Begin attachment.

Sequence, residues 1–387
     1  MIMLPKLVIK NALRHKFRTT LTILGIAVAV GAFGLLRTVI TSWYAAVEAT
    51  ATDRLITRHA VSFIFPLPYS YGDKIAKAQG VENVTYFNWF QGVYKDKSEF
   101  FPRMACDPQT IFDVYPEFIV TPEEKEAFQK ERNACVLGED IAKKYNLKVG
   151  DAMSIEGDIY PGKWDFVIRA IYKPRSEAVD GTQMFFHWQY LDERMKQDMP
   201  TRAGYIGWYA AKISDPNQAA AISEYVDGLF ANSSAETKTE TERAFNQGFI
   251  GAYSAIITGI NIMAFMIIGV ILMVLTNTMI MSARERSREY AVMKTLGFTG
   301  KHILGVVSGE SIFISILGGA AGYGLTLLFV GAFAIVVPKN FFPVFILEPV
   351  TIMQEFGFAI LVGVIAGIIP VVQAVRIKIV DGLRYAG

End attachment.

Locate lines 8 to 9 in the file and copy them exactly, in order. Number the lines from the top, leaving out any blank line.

   301  KHILGVVSGE SIFISILGGA AGYGLTLLFV GAFAIVVPKN FFPVFILEPV
   351  TIMQEFGFAI LVGVIAGIIP VVQAVRIKIV DGLRYAG